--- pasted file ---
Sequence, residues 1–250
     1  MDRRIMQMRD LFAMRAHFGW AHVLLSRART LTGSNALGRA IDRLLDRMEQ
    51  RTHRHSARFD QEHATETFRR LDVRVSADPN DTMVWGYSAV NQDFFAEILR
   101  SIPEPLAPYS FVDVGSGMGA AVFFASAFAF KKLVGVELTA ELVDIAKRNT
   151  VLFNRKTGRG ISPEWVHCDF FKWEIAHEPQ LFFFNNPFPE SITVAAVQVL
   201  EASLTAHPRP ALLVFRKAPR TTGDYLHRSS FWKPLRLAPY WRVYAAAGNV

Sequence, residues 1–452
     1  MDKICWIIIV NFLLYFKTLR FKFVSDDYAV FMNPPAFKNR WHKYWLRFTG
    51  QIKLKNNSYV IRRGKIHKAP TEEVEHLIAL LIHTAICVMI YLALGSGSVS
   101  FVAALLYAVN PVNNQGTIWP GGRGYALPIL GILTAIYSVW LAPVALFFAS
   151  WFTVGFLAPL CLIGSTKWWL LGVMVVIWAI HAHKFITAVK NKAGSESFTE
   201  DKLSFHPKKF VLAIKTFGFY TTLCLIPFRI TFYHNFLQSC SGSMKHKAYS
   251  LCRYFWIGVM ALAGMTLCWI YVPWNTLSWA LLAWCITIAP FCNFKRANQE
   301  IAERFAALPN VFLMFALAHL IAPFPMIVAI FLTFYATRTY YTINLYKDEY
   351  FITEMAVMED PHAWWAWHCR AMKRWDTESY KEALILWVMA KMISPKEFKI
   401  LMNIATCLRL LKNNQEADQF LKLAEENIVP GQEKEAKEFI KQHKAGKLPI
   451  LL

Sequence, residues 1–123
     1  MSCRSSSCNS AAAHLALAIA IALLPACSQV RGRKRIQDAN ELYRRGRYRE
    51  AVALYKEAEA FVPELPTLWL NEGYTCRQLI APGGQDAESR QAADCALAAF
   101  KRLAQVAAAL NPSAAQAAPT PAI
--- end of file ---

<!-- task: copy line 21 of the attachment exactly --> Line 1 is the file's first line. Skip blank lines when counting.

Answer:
   101  KRLAQVAAAL NPSAAQAAPT PAI